Vancouver residents raise funds, gather relief materials for Syria
Watching his native country of Syria engulfed in a bloody civil war from the safety of Vancouver, Riam El-Safadi has one lament.
According to him, if Syria were rich in oil like Libya, the international community would have responded more vigorously to the ongoing massacre of civilians by the Bashar al-Assad regime. However, the 40-ish IT consultant, who immigrated to Canada more than 20 years ago, isn’t advocating a foreign military intervention.
“Let it be clear we don’t want our freedom, our independence, our democracy to come on the back of American tanks,” El-Safadi told the Straight in a phone interview. “We want our freedom our way, with our blood. But at least we want the international community to stand by us.”
El-Safadi is a member of the Vancouver Coordination for Syria, a group that’s actively raising funds and gathering relief materials for the conflict-riven country. He estimated the Syrian community in Metro Vancouver to be around 1,000 strong.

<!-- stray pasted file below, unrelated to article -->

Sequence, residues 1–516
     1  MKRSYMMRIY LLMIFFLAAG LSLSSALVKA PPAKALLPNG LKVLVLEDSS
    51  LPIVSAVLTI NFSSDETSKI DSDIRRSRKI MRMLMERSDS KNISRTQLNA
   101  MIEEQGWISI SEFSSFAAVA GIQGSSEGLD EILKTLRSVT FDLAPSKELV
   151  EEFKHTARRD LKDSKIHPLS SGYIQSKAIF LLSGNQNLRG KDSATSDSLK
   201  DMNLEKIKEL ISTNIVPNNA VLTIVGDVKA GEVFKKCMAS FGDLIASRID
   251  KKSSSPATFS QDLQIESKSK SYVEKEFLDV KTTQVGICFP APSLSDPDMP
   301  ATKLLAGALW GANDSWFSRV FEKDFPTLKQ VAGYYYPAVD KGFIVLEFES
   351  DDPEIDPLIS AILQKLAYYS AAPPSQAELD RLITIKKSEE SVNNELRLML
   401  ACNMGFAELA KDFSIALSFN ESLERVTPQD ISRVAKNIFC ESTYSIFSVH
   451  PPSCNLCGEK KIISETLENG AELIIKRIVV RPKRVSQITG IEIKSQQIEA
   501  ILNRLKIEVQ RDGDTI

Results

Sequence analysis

“We’re looking to match donations that we are gathering dollar for dollar, so we can send a stronger message to the Syrian people that your blood is not cheap and that you’re not alone,” he said. According to El-Safadi, financial donations can be made online to the Ottawa-based charitable group Human Concern International. (The group attracted news coverage because Ahmed Said Khadr, father of Omar Khadr, was a volunteer in the 1980s and 1990s.)
El-Safadi’s group has held two events so far, raising $82,000. It is looking for someone who can donate a 20- or 40-foot shipping container that can be used to temporarily store medical equipment and supplies. “We’re hoping that in a matter of a few months, some areas in Syria will be liberated so we can send it directly,” he said of the goods. For details on how to help, contact email@example.com.
On Wednesday (August 8), Syria’s Prime Minister, Riad Hijab, crossed the border into Jordan with his family. He had defected from al-Assad’s government two days earlier, a move El-Safadi sees as a significant blow to the despised regime.